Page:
The joys of Civil Service!
If you really think that being a composer in the 18th and 19th centuries was an easy way to make a living, just ask Johann Friedrich Reichardt (1752-1814). Born into a highly musical family in Königsberg, then the capital of East Prussia, Johann was an accomplished violinist and keyboardist by age 10. Once he enrolled at the University of Königsberg he fell under the influence of Immanuel Kant, widely considered a central figure in the establishment of modern philosophy. Kant persuaded young Johann to take up the study of law and philosophy in Leipzig, yet concordantly he also took music lessons from Johann Adam Hiller. After concluding his studies, he traveled widely throughout Germany and published his first compositions and writings on aesthetics and music.
Johann Friedrich Reichardt: Erwin and Elmire
On the strengths of his early compositions, Reichardt was appointed Royal Prussian Court Kapellmeister at the court of Frederick the Great. He married the lovely Julianne Benda, daughter of the composer Franz Benda, and he composed a large number of songs during his first years as a civil servant. After the untimely death of his wife, Reichardt made several trips to England, Switzerland, Sweden, France, Italy and Austria. While in Vienna, he was introduced to Christoph Willibald Gluck in 1783. Once he returned to Berlin, Reichardt developed professional and personal relationships with Johann Wolfgang von Goethe and Friedrich Schiller. He even collaborated with Goethe on Claudine von Vila Bella, the first German opera given at the Prussian Court.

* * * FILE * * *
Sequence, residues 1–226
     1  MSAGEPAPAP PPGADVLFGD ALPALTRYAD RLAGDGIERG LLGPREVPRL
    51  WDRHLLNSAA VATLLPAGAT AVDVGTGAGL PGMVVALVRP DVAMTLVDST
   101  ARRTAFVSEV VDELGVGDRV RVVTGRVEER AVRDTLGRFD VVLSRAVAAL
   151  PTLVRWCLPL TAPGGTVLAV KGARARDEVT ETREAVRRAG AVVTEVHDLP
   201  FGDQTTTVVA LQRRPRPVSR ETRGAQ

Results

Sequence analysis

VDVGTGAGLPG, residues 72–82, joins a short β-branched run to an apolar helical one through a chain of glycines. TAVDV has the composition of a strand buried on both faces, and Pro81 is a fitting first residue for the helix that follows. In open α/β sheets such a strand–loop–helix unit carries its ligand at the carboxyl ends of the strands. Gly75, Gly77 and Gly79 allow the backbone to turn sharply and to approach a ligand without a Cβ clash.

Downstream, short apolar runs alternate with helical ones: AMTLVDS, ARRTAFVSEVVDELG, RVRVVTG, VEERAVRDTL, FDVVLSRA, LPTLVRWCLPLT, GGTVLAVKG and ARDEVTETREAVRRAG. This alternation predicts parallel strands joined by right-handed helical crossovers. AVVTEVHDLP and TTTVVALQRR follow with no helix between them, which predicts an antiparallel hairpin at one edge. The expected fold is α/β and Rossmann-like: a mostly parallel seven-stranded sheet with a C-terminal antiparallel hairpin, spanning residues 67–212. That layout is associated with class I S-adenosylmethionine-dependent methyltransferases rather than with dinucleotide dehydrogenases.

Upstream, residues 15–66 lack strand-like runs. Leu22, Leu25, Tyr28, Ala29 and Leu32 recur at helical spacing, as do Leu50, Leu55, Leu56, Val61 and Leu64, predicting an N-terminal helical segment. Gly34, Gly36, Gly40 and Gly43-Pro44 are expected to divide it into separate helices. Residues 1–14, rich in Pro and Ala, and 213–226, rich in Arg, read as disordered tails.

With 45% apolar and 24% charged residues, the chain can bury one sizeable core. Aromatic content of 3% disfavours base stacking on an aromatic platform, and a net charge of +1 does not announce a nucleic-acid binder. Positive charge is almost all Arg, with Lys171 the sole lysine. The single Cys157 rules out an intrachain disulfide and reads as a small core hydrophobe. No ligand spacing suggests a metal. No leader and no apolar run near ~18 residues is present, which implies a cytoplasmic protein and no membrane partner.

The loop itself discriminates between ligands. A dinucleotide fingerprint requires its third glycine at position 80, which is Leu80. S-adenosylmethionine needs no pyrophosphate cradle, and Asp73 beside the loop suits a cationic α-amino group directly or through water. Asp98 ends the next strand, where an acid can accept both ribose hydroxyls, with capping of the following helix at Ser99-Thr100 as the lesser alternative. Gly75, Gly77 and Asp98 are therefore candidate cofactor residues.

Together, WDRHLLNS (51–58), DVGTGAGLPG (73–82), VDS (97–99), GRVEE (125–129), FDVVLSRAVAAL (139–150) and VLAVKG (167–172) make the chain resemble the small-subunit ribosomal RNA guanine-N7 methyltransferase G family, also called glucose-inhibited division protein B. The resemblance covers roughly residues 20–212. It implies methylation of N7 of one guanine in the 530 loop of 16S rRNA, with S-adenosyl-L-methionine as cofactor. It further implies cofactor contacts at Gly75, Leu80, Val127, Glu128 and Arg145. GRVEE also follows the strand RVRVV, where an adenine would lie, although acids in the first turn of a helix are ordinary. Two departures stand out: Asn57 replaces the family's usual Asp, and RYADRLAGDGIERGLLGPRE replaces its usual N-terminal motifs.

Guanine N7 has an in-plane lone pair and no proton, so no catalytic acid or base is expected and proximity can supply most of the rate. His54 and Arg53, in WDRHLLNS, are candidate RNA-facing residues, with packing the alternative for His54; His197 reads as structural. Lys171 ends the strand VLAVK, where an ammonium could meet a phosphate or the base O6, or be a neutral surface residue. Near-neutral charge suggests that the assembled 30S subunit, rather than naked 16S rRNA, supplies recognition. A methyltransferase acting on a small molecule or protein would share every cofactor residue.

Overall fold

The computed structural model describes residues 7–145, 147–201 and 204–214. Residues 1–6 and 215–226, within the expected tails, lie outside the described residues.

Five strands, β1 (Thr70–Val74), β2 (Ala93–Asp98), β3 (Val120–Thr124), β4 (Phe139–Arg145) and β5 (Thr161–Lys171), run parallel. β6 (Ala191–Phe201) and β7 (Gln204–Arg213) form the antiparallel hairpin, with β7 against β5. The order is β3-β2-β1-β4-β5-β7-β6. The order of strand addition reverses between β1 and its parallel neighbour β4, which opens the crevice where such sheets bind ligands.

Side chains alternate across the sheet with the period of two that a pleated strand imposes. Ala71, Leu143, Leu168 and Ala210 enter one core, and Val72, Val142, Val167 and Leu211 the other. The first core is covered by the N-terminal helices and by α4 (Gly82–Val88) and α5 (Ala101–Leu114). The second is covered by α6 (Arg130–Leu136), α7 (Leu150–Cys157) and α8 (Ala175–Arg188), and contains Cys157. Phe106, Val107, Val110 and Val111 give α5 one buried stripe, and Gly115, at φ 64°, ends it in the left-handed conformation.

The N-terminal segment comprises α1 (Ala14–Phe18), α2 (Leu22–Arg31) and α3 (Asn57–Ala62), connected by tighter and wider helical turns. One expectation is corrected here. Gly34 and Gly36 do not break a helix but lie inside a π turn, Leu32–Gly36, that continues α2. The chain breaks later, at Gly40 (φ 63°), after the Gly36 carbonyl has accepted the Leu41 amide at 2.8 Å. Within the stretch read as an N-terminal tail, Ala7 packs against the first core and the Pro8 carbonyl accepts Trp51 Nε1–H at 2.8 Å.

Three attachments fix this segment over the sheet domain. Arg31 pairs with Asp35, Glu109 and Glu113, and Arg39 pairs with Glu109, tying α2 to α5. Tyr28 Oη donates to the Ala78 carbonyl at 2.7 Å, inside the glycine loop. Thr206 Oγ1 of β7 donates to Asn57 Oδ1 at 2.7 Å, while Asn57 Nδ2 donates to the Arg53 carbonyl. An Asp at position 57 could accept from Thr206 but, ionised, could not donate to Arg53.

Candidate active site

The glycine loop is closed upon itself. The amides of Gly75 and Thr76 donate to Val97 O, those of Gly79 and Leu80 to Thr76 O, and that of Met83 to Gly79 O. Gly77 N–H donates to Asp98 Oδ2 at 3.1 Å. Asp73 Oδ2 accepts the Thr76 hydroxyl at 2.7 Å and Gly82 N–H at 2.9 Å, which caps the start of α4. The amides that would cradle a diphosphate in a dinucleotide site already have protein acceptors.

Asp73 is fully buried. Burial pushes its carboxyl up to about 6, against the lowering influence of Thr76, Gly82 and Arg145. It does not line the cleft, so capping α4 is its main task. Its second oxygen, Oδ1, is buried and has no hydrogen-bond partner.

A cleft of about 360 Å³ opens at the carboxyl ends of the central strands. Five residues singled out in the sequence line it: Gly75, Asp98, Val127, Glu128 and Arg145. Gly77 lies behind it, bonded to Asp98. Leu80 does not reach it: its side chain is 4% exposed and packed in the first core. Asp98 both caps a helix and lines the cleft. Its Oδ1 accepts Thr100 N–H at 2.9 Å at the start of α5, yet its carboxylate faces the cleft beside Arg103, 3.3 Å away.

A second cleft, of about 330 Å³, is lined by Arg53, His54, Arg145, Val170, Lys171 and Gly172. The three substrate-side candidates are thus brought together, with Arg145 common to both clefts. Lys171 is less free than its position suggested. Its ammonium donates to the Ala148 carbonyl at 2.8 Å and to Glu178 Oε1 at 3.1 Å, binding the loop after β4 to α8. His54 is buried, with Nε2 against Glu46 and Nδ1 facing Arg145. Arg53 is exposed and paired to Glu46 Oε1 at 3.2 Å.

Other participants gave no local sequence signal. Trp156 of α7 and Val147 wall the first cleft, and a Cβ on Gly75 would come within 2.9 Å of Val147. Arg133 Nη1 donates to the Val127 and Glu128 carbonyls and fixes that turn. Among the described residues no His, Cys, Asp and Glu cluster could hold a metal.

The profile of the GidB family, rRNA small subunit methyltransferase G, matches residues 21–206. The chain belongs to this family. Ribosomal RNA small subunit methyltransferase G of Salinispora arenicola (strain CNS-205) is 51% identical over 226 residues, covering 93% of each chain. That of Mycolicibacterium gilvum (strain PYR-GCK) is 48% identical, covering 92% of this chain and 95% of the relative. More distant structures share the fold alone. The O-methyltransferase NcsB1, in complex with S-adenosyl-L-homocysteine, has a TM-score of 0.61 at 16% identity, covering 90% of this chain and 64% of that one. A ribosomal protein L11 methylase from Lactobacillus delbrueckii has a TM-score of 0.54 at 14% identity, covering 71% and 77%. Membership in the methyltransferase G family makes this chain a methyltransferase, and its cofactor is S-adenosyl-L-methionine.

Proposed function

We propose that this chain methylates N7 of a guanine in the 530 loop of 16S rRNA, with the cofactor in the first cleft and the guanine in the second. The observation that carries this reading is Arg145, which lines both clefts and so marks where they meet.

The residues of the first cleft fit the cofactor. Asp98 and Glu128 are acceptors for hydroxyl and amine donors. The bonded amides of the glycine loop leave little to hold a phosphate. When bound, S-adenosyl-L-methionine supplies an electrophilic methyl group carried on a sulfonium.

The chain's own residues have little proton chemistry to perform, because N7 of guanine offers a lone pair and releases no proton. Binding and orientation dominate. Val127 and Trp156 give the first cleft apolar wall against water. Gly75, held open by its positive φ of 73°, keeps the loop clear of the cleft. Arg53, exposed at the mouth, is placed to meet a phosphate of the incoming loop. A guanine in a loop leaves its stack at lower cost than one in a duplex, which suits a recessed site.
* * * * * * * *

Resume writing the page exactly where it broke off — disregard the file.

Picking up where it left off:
As a composer, Reichardt is primarily known for various vocal genres, composing roughly 1500 Lieder and Ballads throughout his career. These settings on texts by almost 125 poets showcase a highly creative and individualistic, yet frequently idiosyncratic approach. We should not forget, however, that his settings of texts by Goethe, including such eminent poems as Erlkönig and Heidenröslein served as inspirations to the young Franz Schubert. His dramatic vision also incorporated elements of the new Singspiel. In 1787, Reichardt turned Goethe’s romantic tale of Erwin und Elmire into a light-hearted comedy. With Goethe’s help in adjusting the text, the work was well received and highly acclaimed in Berlin. Today, the vast majority of his compositions and the composer himself are largely forgotten.